The companies said in October, after meeting Parnell's first round of goals, that "significant environmental, regulatory, engineering and commercial work remains to reach upcoming decisions to bring North Slope gas to market," a point reiterated by a TransCanada spokesman Thursday.
"We are working to complete concept selection as soon as possible," spokesman Shawn Howard said by email, when asked if the Feb. 15 target was achievable. "We understand the importance of this work to the state and are working diligently to complete it."
Parnell's sharpest words during the news conference were in response to criticism of his oil tax plan. He said the current tax structure isn't fair to Alaskans, because it doesn't protect the state as well as it could when oil prices are lower. He said it also isn't fair to Alaskans "to be sliding in production and doing nothing about it."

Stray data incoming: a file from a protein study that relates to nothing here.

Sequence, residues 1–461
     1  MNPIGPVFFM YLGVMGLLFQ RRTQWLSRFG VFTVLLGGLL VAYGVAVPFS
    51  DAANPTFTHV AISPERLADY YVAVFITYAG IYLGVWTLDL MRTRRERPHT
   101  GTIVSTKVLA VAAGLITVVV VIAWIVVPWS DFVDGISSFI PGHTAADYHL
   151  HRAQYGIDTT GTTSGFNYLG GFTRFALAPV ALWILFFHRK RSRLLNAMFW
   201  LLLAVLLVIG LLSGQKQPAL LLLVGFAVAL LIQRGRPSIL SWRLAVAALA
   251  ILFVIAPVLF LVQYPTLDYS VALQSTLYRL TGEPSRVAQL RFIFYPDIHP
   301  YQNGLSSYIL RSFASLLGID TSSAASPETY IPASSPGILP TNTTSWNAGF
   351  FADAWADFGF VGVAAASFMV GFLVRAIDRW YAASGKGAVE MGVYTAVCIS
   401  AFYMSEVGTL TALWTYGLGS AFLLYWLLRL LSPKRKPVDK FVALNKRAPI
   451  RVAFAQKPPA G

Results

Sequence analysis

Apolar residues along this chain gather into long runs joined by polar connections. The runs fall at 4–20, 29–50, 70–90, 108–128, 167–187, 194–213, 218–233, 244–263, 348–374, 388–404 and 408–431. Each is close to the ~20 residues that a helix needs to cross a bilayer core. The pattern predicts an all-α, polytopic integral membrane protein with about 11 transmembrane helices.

Production has been on a downward trend since the late 1980s but has fallen to a point more recently where there are greater concerns about the impact on the state's budget since Alaska relies heavily on oil to run. Republicans and Democrats agree with the goal of increasing production but disagree on how best to achieve that.
Wielechowski, D-Anchorage, said it's "crazy" to say he and other critics support status quo decline because they don't like Parnell's bill. He said very low taxes in the past didn't reverse the trend and there are other things the state should look at, like requiring development plans as a condition to leasing, enforcing leases and having the state partner with companies to make uneconomic projects economically feasible.
Follow Becky Bohrer at http://twitter.com/beckybohrerap .